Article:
Action:  Kath Longden reminded the group that the willow hide will need attention this spring.  Any volunteers welcome – please contact Kath (through Lynn if needed) if interested.

3. Tideswell Dale – Ash dieback management and a possible, small scale natural flood management scheme. Exploring opportunities for community involvement.

Neil Buttle shared the progress he had made exploring potential for natural flood management in Tideswell Dale.  He has been in touch with many organisations who are involved in Tideswell Dale and natural flood management  (Natural England, Environment Agency, Derbyshire Wildlife Trust, National Trust, Peak District National Park Authority, Derbyshire Dales District Council, Derbyshire County Council, and Moors  for the Future).  All the organisations were keen on the idea of a small scale natural flood management scheme in principle.   But whilst there was enthusiasm, most of these organisations had no budget for such work, and it wasn’t yet clear if there was an organisation taking the lead in producing a plan.  However, Derbyshire County Council is the designated flood authority for the area. Neil wondered if TDEG could take ownership of such a scheme ?    

Katherine Clarke was able to share her experience of communicating with the public (in her role as a National Trust Ranger) during the ash dieback felling work.  She reported that there was a great deal of enthusiasm and interest from local communities, including Litton Mill and Millers Dale.   What will happen to the felled timber and the potential for flood management were the main areas of interest from local people.  She echoed Neil’s findings that the agencies involved were keen to explore plans for such a flood management scheme, but that they don’t have the financial, staff or time capacity at the moment.   She highlighted that such a scheme is still at a very early stage in thinking and planning, therefore we need to consider the realistic pace of developing such a project, and allow the organisations to ‘catch up’. It was these organisations who were responsible for the area.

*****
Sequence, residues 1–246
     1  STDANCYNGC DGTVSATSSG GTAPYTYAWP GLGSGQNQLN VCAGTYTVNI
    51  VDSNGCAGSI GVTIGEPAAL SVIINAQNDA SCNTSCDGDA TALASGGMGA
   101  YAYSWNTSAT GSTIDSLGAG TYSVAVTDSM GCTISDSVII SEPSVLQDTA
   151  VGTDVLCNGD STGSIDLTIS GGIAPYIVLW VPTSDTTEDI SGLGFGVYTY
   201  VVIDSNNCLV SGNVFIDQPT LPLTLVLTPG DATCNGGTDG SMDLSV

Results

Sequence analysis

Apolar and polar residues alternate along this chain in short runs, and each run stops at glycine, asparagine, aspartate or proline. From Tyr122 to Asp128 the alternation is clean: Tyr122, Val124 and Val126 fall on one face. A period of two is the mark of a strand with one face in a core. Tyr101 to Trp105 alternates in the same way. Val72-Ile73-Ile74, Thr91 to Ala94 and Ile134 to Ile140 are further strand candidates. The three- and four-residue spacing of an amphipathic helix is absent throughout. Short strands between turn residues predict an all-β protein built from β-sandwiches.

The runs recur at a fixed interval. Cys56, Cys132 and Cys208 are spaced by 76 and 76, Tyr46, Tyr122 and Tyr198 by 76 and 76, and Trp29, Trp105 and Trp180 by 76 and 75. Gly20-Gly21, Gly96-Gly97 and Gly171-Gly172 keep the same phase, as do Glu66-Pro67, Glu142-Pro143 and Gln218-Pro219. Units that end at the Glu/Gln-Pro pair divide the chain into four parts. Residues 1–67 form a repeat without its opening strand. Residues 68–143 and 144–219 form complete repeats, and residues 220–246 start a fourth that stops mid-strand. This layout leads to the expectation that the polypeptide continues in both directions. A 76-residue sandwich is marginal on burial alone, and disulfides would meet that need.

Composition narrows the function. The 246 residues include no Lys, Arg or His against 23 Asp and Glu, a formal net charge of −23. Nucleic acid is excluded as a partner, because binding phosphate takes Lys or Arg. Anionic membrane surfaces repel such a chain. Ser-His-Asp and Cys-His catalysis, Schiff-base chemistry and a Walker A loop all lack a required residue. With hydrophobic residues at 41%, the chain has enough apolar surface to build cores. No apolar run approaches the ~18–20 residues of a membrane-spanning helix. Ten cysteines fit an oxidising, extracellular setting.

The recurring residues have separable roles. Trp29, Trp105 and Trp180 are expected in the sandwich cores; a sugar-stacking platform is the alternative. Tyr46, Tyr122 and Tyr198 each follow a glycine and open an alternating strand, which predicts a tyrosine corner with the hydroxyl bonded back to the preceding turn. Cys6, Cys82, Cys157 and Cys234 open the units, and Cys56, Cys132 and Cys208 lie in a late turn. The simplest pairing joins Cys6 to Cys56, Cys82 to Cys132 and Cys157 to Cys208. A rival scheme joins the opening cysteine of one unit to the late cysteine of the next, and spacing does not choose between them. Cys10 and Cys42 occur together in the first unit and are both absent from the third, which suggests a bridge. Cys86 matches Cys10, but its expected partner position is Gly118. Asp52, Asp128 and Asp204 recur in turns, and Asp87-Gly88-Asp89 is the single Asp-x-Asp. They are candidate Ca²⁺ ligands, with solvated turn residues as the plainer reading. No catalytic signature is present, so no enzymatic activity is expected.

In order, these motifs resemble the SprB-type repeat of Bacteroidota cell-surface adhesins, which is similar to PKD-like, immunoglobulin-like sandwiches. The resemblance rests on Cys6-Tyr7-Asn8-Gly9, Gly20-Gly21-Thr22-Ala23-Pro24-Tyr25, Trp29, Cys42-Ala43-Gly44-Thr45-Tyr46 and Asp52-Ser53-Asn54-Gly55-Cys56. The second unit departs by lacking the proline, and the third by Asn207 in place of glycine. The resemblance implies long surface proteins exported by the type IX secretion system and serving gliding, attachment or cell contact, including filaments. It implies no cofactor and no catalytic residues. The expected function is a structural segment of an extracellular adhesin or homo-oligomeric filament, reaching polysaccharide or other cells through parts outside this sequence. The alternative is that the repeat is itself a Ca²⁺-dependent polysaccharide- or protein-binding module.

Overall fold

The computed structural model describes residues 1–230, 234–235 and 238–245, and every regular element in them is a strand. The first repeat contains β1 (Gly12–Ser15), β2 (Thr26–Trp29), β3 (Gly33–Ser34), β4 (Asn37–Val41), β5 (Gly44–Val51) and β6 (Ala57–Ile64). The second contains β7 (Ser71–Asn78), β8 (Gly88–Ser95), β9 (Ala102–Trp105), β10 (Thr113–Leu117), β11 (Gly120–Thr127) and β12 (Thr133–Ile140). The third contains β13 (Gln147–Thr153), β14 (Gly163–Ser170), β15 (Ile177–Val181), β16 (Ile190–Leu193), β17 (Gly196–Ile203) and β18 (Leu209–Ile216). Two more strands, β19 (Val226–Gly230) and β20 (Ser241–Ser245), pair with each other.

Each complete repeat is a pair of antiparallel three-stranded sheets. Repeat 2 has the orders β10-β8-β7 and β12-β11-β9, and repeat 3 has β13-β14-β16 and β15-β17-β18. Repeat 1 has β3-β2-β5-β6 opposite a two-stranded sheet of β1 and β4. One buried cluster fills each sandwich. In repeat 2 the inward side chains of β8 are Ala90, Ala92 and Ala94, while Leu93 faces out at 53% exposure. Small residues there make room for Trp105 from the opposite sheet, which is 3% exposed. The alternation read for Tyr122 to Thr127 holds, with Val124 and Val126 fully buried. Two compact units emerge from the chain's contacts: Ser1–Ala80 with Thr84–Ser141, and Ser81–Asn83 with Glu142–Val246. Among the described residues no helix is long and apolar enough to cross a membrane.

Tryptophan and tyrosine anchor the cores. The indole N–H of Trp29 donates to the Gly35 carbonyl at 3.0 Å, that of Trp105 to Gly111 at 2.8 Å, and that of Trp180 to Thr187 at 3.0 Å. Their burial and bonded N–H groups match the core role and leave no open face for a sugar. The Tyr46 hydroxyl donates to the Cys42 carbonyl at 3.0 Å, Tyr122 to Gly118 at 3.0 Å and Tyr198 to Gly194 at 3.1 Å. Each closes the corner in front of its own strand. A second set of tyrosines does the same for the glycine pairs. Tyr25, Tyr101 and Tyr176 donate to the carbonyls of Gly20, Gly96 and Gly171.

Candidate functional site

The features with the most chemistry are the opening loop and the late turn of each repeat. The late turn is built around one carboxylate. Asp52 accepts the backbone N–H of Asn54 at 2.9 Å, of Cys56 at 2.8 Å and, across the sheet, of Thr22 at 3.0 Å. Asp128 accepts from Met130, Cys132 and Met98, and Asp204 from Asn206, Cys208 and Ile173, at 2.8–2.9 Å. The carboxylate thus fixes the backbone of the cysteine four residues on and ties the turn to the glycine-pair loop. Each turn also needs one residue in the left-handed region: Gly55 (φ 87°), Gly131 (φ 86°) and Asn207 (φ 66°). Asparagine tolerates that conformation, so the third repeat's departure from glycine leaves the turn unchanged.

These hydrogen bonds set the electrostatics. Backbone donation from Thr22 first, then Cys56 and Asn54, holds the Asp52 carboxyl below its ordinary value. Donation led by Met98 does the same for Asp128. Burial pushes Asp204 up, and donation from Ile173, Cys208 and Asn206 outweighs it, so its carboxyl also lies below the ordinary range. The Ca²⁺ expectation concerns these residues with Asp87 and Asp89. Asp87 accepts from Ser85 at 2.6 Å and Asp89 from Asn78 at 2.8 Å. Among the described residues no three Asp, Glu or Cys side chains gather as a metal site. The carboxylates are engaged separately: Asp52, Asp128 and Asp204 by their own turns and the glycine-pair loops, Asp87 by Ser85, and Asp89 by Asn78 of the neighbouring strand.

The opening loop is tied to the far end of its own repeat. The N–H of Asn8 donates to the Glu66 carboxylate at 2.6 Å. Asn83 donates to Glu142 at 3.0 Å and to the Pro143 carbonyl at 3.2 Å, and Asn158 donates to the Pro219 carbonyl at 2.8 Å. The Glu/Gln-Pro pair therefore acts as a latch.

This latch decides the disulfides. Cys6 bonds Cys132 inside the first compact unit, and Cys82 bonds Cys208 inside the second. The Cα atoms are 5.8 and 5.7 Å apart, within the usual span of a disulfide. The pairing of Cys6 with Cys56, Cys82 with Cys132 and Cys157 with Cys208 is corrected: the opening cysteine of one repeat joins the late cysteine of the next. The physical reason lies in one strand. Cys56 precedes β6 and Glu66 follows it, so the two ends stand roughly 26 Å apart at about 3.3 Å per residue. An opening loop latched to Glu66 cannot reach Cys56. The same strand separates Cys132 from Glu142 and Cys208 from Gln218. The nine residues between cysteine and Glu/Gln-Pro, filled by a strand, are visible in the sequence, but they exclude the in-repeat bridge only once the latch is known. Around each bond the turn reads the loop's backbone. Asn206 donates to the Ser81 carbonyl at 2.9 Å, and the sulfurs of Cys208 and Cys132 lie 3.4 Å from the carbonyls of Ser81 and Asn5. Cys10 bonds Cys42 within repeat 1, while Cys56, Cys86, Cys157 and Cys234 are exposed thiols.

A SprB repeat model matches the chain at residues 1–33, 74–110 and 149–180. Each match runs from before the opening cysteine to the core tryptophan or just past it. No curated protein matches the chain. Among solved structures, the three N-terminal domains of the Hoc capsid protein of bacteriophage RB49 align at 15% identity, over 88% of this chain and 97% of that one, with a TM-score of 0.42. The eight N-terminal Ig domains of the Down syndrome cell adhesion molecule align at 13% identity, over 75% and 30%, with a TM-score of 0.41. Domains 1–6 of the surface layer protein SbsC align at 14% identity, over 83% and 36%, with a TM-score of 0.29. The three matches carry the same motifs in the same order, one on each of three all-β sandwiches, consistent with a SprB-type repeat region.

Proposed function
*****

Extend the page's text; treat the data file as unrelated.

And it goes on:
Other members of the group added to the discussion – points included:

  • there is much we do not currently know, such as where the water will end up – there are upstream and downstream implications. Engineering expertise is needed;  
  • is there value in looking at interventions further upstream, above Tideswell along Manchester road, and whether safety concerns about water on the highway (A6049) would be a good rationale for investigating such opportunities upstream. This would also have to involve other landowners and managers such as the farming community;   
  • that there will be constraints related to water voles, geology etc., and that Natural England have yet to carry out a SSSI appraisal;  
  • there are significant land ownership issues along the dale, as landownership and management is complex;  
  • there would be significant insurance and liability issues involved in such work.  

Some members felt the responsibilities and liabilities of ‘taking the project on’ were beyond what is appropriate for TDEG. However all were keen to support an investigation into the flood management project, and to support people getting involved in caring for and improving Tideswell Dale in general.  It was suggested this could be done by putting together a list of what we can offer to the organisations who are actually responsible – as landowners or managers or regulators. Initial suggestions for what we could get involved in included: